Democracy and its discontents

In 2005, Ali Erdogan, president of the small Turkish community in Wan gen bei Olten municipality of northern Switzerland, thought it would be a good idea to have a modest, 20-foot high, minaret in the cultural centre. To his surprise, though, the locals protested, showing reservations — some obliquely claimed the minaret would curtail their view; others more directly objected to an out-and-out Islamic symbol. Under pressure, the local planning authorities denied permission. However, Mr Erdogan persisted and the matter was settled in his favour by the Federal Supreme Court. A minaret did come up. But this small victory for the rights of the Turkish community led to massive rebellion against the rights of religious minorities in the whole country. Led by far-right activists and the Swiss People’s Party, in 2009, the Swiss public, through a referendum, decided to ban the erection of minarets and abridged Muslims’ right to worship freely in the country. 

How would you describe this development? Most people are likely to call it “undemocratic”. But, is it undemocratic? With 57.7 per cent voting in favour of the ban, this was as democratic as it gets. But, of course, it is downright illiberal — precisely the reason the courts in Switzerland had ruled against such a move. However, “democracy” and “liberalism” are two different things, as the author Yascha Mounk, who teaches at Harvard, points out — a difference one often forgets. The reason these two choices tend to be seen as part and parcel of the single deal is that, in the recent past, as far as political systems go, this combination seems to have become “the only game in town”. 

Mr Mounk cites several such examples to make his central point. Liberal democracies are decomposing into either countries that are illiberal democracies where populist leaders are enforcing popular will in the name of democracy but violating some of the fundamental tenets of liberalism — think Recep Tayyip Erdogan in Turkey or Viktor Orban in Hungary or, indeed, Narendra Modi in India —or those afflicted by undemocratic liberalism — a political system where people’s choices are severely curtailed by undemocratic institutions, which are run by so-called experts, who, in turn, are driven more by rules of liberalism instead of the people’s wishes. 

In the Swiss example, the courts’ decision was exactly against the people’s wishes and yet, short of a national outcry and referendum, it would have dominated the policy on religious rights, not the views (no matter how illiberal) of an average Swiss citizen. There is no dearth of examples in the daily functioning of many democracies, including many in the West such as the US, where the expert institutions, such as the central banks, and national and international treaties, such as the one on climate change, tend to undermine the views of the locals in favour of some global mandate that the citizens may not be terribly interested in adopting. Should the US give up on cheap and easily available coal resources that can boost local employment and growth or follow the Paris accord to the detriment of domestic concerns?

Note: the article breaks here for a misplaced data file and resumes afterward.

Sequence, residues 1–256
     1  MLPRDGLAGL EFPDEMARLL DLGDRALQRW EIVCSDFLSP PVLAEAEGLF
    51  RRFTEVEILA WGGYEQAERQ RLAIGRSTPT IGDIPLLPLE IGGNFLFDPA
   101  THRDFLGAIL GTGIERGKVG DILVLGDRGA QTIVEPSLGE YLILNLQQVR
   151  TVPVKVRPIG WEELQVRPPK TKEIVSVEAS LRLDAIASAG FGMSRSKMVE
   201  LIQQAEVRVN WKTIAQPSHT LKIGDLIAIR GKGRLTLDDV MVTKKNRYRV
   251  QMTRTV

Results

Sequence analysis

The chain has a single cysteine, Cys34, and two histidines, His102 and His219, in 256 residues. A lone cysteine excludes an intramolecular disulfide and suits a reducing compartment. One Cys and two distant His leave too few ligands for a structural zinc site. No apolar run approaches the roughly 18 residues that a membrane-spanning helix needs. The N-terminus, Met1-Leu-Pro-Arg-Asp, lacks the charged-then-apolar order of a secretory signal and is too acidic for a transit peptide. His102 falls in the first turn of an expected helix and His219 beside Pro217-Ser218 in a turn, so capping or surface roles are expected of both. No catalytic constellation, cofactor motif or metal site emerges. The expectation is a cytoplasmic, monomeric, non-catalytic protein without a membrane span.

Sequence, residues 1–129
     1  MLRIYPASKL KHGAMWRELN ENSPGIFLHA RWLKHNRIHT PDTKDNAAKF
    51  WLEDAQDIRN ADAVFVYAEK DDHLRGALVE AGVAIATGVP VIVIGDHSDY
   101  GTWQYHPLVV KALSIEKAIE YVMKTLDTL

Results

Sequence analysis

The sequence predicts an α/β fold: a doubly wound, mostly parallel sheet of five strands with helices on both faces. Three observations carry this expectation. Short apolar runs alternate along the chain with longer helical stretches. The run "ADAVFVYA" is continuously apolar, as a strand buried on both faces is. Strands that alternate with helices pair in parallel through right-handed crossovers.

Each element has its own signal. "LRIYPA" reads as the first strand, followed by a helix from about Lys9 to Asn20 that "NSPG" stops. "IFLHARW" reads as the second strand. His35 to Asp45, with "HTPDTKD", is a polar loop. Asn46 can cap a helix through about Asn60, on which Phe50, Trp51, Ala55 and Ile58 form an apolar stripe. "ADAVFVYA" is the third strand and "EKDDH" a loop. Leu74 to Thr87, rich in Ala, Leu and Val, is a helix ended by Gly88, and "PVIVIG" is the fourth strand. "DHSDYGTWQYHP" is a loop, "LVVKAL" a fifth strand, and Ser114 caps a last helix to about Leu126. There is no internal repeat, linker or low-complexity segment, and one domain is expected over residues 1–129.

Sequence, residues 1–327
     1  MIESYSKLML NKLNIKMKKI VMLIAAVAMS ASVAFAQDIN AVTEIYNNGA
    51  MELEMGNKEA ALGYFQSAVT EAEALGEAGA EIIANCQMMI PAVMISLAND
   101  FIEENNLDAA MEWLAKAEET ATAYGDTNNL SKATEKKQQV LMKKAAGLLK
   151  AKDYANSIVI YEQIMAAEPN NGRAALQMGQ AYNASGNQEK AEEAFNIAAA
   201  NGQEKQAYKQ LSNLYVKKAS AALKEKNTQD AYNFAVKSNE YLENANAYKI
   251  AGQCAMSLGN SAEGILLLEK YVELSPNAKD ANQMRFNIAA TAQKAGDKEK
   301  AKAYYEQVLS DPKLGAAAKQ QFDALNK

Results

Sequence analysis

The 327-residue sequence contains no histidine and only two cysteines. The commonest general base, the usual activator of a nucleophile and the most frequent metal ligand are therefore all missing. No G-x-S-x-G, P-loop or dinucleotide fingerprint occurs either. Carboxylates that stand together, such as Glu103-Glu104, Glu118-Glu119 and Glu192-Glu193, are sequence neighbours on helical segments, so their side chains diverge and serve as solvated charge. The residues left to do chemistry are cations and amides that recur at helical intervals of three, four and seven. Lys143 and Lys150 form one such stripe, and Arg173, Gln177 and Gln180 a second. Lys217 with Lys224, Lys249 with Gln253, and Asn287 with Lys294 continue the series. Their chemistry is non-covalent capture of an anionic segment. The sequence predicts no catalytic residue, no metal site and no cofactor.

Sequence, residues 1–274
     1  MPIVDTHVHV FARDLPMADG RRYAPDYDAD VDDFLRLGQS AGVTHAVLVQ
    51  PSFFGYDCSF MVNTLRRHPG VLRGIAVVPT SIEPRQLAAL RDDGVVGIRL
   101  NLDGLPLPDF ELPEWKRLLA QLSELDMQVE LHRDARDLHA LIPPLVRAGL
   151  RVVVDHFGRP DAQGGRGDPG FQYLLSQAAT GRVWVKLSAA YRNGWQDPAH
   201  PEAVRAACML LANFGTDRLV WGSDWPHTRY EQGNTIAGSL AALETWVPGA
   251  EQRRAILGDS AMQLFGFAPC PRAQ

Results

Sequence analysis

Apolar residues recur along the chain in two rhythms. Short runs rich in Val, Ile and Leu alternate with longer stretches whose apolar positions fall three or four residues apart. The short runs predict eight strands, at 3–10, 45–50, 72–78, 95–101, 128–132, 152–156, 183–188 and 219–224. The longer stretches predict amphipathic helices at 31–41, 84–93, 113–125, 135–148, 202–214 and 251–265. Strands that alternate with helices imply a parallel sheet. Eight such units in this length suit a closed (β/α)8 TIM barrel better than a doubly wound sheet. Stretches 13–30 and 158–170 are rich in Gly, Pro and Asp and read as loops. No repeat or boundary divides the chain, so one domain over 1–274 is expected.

Mr Mounk argues that countries weaving towards unbridled liberalism without democracy tend to provoke a vicious surge of populism that refuses to recognise liberal principles. In essence, he questions the two basic assumptions, which many who are unhappy with the way democracies are shaping across the world today often have, about the liberal democratic order in the post-war phase. One, that liberalism — i.e. a system wherein institutions effectively protect the rule of law and guarantee individual rights — and democracy — i.e. a set of binding electoral institutions that effectively translate popular views into public policy — naturally go together. The author spends a great deal of effort, by citing examples and studies from across the world, to bring out that this is not necessarily true. 

The second basic assumption that the author questions concerns the idea that achieving a liberal democracy is difficult but once a country becomes affluent, such a political system becomes impossible to dislodge. But the populist surge in some of richest countries of Europe and in the US defies such a notion. Indeed, a lot of research shows democracy is “deconsolidating” — i.e. more and more people, especially the young, do not look at democracy in a favourable light; a worrying proportion does not mind more authoritarian regimes.

What’s the way forward? There are no easy outs, claims the author. Liberal democracy does not enjoy a moral superiority over other political systems. If it has to survive, it must work for everyone, including, and especially, in terms of economic well being. 

In the blurb of the book, noted political theorist Francis Fukuyama — who famously announced at the end of the Cold War “the universalization of Western liberal democracy as the final form of human government” — writes “if you’ve not heard of Yascha Mounk before, you definitely will in the future”. This reviewer agrees wholeheartedly — lately, there has been a flurry of books on democracy but few are as pithy, readable, well-researched and thought-provoking as this one. 

The People Vs Democracy
Why our freedom is in danger and 
how to save it
Yascha Mounk
Harvard University Press
393 pages; Rs 699

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